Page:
The independent newspaper of the University of Iowa community since 1868

The Daily Iowan

The independent newspaper of the University of Iowa community since 1868

The Daily Iowan

The independent newspaper of the University of Iowa community since 1868

The Daily Iowan

Q&A | Benjamin Troester ‘Mayflower Munch’ finds community through campus cult following

The UI first-year student has used his fame to make the most of his first month at Iowa.
Photo contributed by Benjamin Troester

Since the start of the school year, University of Iowa first-year Benjamin Troester has accumulated a cult following of Iowa students because his increasing fame on the UI class of 2027 Snapchat story.

Because of Troester’s voluminous head of red curls, his peers recognized his resemblance to the rapper Ice Spice and nicknamed him the “Mayflower Munch,” in reference to one of the rapper’s songs and Mayflower Residence Hall.

Troester’s fame has carried on for about a month and he certainly doesn’t shy away from the limelight, nor is this his first run-in with virality.

The Daily Iowan: Tell us a little bit about your background and what brought you to Iowa.

Benjamin Troester: I am from a town in the northwest suburbs of Chicago called Libertyville. The reason why I came to Iowa was because the campus seemed fairly organized and it was very compact, which was nice. Also, it gave me a decent amount of scholarship money, and actually out of all the schools I applied to it gave me the most amount of money. And additionally, I did have friends who are in here as well from my high school which was always nice.

Did you ever go viral before your breakout on the UI class of 2027 Snapchat story?

One could say that I was, in a sense, viral, but to a smaller population. Essentially what happened was back in my eighth-grade year of middle school, I created a YouTube channel that had low-quality gaming videos, and what happened was people found those funny. A decent proportion of the people in Libertyville somehow found out about it in one way or another. Then my senior year in high school something similar happened once the rapper Ice Spice became more popular and people matched our likeness. But I wouldn’t really say I’ve ever reached as large of an audience as I have now.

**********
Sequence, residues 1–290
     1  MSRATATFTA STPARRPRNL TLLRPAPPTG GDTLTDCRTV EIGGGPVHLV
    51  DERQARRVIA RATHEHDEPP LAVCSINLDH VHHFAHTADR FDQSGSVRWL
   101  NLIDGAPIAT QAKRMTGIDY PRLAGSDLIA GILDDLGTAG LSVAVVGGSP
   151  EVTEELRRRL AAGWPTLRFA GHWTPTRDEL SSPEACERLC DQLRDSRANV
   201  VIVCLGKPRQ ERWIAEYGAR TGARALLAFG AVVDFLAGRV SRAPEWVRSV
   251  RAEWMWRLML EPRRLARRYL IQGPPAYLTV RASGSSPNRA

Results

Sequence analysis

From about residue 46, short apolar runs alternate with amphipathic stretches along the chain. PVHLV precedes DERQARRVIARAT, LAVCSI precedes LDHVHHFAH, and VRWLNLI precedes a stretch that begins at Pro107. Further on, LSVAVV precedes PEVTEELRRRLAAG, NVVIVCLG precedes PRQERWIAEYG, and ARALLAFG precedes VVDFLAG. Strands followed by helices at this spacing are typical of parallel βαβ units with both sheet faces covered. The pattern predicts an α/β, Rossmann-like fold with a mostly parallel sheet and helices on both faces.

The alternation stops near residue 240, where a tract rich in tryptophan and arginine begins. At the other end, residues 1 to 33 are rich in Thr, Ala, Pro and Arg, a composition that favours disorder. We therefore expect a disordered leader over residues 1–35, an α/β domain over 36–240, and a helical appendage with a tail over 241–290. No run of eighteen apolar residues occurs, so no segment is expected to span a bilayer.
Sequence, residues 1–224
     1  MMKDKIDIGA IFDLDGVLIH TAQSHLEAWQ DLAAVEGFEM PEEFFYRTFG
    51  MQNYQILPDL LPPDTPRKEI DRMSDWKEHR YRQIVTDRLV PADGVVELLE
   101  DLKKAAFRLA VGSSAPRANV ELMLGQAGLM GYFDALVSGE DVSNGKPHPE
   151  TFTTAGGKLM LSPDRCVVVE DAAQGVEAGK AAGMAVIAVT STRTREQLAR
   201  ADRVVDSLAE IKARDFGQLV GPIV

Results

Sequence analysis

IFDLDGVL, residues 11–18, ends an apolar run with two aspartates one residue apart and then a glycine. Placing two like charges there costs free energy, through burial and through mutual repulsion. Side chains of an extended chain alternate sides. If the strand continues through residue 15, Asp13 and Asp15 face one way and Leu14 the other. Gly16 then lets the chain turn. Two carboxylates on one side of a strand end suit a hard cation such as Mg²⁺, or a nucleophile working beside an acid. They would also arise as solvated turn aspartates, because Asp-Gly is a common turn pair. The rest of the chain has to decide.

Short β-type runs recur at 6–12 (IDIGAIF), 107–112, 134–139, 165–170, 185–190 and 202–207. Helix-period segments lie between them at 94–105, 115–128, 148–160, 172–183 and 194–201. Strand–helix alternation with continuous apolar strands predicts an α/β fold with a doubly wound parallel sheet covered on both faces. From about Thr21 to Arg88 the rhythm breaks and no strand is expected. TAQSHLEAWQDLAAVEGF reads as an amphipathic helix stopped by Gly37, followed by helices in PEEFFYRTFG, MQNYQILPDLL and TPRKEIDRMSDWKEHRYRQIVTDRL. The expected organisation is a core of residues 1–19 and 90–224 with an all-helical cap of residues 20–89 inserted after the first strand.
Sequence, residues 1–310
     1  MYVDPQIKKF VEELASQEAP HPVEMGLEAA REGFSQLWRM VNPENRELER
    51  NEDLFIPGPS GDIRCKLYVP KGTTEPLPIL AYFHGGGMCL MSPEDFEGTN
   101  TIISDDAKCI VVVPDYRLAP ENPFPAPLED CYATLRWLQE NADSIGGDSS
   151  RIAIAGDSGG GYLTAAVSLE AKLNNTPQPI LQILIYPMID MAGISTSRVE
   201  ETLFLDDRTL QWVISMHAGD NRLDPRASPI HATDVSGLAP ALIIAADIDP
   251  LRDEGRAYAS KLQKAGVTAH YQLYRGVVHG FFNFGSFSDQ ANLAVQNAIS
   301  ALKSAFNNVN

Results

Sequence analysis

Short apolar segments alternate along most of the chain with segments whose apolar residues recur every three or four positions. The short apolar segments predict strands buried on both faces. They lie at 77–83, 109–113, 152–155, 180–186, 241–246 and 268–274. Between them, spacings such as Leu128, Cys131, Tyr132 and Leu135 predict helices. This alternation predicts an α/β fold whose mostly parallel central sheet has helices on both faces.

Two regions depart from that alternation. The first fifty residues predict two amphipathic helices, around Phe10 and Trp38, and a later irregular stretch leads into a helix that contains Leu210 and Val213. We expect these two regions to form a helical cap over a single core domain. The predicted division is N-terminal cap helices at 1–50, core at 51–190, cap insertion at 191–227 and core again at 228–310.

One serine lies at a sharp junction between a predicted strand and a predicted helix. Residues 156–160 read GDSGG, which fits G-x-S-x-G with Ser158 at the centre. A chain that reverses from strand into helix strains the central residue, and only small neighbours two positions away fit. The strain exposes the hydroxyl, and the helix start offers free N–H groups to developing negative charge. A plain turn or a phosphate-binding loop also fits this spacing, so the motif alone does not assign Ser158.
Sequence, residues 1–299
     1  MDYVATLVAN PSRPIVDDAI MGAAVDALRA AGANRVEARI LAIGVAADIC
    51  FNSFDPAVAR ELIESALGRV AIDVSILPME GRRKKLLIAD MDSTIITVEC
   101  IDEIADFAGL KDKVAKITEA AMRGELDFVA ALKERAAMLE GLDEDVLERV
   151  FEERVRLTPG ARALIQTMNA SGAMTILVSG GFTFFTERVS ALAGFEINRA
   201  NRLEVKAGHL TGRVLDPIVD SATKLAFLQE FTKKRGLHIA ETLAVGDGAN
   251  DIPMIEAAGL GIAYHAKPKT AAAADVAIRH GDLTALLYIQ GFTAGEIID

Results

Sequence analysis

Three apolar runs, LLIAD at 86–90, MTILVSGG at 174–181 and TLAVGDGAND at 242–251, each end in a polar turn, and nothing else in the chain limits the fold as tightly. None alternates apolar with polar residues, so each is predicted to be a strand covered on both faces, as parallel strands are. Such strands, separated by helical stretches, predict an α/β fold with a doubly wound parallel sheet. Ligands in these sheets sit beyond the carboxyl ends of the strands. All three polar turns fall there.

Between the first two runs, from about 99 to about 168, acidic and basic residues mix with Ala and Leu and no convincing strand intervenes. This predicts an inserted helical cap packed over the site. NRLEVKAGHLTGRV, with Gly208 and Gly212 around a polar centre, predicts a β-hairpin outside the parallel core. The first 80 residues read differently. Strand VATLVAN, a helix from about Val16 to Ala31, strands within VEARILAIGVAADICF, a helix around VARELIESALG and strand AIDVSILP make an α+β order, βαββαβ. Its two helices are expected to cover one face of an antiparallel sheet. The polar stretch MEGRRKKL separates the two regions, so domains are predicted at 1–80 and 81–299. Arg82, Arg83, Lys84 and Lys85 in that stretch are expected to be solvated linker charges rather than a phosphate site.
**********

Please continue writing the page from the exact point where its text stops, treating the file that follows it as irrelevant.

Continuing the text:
Did you give yourself the nickname “Mayflower Munch,” or did other students on the Snapchat story coin it for you?

What happened was at the class of 2027 convocation speech, someone had taken a picture of me and anonymously uploaded it to the story and paired it with one of the older Ice Spice songs. So when I got back to my room, and saw the post, I was like, “Oh, this is funny,” and then one of my suitemates said, “Oh, well, it’s probably because you look like Ice Spice. I wouldn’t be surprised if people started calling you the Munch.” So then I thought well, it must be a coincidence that I live in Mayflower because it’s an alliteration people would remember, so I made a satirical post saying “Guys, stop calling me the Mayflower Munch” and people just caught on.

Have you been enjoying the attention since everyone knows who you are now?

I would say that because of everything that has happened, I’ve definitely reached a large audience of people which is nice. And I believe that I have met people because of my pseudonym — if you will — that I don’t think I would have met if I hadn’t gotten this alter ego.